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Pfizer, partner moving ahead with COVID-19 vaccine trials

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Pfizer Inc. and BioNTech, a German company, have started late-phase human trials in the race to develop a COVID-19 vaccine.

The announcement late Monday, on the same day that U.S. drugmaker Moderna announced it had begun human trials of its own COVID-19 vaccine candidate, came after an extensive review of preclinical and clinical data from phase 1/2 clinical trials, and in consultation with the U.S. Food and Drug Administration’s Center for Biologics Evaluation and Research and other global regulators, Pfizer and BioNTech said.

On Tuesday, Pfizer reported a 32% decline in second-quarter profit, mainly due to the coronavirus pandemic's impact on the company's ability to market and sell new prescriptions. Second-quarter revenues totaled $11.8 billion, down 11% from the previous year. Still, the company's positive outlook for the rest of the year drove the price of its shares up 4%.

Pfizer and BioNTech said they decided to advance one of four vaccine candidates they had been studying. In the phase 2/3 study, the vaccine candidate will be delivered at a 30-microgram dose level in a two-dose regimen.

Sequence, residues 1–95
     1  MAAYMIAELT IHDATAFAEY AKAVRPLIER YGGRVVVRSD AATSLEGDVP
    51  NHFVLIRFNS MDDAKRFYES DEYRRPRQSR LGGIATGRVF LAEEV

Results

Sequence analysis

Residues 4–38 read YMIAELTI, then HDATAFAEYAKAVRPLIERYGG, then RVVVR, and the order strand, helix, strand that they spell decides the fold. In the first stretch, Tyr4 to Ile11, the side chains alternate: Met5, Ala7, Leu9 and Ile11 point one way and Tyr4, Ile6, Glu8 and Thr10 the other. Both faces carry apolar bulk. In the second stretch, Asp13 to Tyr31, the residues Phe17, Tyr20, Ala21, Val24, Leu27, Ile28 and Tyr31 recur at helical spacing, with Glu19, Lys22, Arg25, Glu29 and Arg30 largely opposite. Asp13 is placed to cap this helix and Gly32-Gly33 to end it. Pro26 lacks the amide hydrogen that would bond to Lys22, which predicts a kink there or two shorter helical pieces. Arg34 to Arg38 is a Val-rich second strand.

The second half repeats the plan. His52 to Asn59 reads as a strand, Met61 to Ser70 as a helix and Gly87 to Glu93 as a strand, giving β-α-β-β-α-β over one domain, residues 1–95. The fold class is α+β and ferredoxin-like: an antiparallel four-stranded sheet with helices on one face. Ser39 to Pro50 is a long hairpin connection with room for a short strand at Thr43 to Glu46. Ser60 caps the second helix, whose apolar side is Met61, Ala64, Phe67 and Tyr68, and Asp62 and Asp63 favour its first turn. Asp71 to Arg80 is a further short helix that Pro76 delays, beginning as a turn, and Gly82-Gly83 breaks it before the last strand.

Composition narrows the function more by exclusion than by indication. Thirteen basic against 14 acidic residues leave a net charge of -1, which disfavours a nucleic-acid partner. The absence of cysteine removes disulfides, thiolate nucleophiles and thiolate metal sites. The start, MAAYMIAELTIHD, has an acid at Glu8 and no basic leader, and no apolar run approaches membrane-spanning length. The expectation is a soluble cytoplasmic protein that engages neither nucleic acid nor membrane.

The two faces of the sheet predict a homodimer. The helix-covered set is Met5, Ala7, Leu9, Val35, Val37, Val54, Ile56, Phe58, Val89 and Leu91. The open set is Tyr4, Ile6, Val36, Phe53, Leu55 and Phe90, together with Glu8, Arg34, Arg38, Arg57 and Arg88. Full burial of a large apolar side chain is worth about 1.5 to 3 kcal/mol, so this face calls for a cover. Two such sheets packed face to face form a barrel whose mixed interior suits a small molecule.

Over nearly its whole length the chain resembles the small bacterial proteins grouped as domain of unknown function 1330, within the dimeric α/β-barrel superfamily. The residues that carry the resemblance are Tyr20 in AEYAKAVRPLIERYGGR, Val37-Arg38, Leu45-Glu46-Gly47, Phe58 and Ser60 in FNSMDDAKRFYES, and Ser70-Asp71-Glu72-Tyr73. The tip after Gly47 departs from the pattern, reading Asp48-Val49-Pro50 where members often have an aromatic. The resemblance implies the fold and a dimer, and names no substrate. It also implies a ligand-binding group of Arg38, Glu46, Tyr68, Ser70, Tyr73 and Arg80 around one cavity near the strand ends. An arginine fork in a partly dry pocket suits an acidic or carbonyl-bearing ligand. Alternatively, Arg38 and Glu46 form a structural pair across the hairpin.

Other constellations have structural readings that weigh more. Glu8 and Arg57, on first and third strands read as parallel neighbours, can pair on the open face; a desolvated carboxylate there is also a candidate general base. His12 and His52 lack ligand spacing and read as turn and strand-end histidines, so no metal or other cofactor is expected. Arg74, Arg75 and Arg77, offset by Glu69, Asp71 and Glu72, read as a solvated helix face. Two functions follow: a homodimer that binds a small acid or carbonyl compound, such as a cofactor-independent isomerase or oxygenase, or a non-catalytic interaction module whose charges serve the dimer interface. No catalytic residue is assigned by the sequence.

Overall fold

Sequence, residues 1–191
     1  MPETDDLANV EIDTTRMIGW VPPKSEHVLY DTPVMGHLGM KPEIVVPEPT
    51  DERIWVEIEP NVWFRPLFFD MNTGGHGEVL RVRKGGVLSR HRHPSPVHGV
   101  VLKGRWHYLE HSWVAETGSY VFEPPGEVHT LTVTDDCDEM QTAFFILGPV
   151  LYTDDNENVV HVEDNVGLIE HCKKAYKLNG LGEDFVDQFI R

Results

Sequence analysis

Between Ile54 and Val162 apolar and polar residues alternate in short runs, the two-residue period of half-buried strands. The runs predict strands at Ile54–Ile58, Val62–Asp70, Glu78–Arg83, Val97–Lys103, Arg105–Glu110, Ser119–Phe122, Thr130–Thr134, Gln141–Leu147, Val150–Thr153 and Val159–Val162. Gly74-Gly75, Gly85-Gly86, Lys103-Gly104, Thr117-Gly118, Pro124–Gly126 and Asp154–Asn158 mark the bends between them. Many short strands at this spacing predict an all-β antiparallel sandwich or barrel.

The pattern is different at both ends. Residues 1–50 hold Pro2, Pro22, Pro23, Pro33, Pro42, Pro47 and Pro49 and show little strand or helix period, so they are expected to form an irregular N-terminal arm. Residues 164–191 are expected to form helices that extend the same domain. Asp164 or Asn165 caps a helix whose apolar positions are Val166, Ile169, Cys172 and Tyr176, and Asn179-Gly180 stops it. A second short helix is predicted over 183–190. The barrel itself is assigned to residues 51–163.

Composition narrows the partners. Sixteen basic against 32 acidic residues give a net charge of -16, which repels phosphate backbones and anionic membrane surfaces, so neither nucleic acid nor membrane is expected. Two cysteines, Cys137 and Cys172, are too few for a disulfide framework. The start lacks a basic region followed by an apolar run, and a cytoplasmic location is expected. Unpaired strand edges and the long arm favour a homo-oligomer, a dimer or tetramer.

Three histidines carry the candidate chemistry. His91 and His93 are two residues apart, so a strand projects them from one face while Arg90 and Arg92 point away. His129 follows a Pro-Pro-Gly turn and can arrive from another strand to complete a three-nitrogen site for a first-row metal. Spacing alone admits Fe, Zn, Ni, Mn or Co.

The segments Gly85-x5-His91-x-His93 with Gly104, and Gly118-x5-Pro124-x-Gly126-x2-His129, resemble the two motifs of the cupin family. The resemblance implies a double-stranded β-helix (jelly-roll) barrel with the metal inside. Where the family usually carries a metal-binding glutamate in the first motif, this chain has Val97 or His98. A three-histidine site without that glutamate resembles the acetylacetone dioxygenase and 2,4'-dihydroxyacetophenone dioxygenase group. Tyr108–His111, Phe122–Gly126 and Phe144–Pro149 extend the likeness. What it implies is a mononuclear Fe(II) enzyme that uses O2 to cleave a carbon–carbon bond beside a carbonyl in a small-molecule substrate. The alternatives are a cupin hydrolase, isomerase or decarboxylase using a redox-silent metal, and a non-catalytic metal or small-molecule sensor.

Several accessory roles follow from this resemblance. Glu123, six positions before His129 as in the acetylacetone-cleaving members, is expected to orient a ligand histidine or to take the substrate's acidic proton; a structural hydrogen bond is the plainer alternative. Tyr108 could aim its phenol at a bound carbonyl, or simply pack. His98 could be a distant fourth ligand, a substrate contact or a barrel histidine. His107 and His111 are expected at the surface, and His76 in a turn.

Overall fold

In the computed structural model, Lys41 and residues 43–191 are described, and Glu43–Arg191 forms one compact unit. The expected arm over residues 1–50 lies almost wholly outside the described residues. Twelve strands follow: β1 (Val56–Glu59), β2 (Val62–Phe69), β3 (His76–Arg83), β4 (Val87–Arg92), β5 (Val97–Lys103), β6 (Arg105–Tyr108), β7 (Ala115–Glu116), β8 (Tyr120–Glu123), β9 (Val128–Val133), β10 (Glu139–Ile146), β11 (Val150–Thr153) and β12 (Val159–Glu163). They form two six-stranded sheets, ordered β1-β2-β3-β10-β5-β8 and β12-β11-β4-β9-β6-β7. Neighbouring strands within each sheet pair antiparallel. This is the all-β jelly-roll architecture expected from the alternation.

“Our selection of the BNT162b2 vaccine candidate and its advancement into a Phase 2/3 study are the culmination of an extensive, collaborative and unprecedented R&D program involving Pfizer, BioNTech, clinical investigators, and study participants with a singular focus of developing a safe and effective COVID-19 RNA vaccine,” said Kathrin U. Jansen, senior vice president and head of Pfizer vaccine research and development. “The initiation of the Phase 2/3 trial is a major step forward in our progress toward providing a potential vaccine to help fight the ongoing COVID-19 pandemic, and we look forward to generating additional data as the program progresses.”

The phase 2/3 study will involve up to 30,000 participants between 18 and 85 years of age. The companies plan to enroll a diverse population, including participants in areas where there is significant transmission of SARS-CoV-2, the coronavirus that causes COVID-19. By the end of the trial, the phase 2/3 study is expected to be active at approximately 120 clinical investigational sites around the world, including 39 states across the U.S. and countries including Argentina, Brazil and Germany.

If the phase 2/3 trial is successful, Pfizer and BioNTech expect to be ready to seek emergency use authorization or some form of regulatory approval as early as October 2020. If authorization or approval is obtained, the companies currently aim to supply globally up to 100 million doses by the end of 2020 and approximately 1.3 billion doses by the end of 2021.

The U.S. government reached a $1.95 billion agreement with the two companies last week to produce and deliver 100 million doses of their COVID-19 vaccine by the end of the year. Earlier this month, the companies were granted fast-track designation by the Food and Drug Administration.

On the day the agreement was announced, Gov. Ned Lamont visited Pfizer’s research and development facilities on Eastern Point Road in Groton, where staff has been working on tasks related to the vaccine.


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